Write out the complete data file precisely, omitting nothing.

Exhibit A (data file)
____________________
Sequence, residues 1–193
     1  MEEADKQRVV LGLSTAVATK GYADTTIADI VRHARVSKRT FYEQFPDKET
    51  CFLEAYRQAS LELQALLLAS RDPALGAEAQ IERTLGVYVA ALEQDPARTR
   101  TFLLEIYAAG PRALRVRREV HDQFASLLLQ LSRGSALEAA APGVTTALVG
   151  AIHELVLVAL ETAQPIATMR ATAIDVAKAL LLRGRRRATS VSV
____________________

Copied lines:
Sequence, residues 1–193
     1  MEEADKQRVV LGLSTAVATK GYADTTIADI VRHARVSKRT FYEQFPDKET
    51  CFLEAYRQAS LELQALLLAS RDPALGAEAQ IERTLGVYVA ALEQDPARTR
   101  TFLLEIYAAG PRALRVRREV HDQFASLLLQ LSRGSALEAA APGVTTALVG
   151  AIHELVLVAL ETAQPIATMR ATAIDVAKAL LLRGRRRATS VSV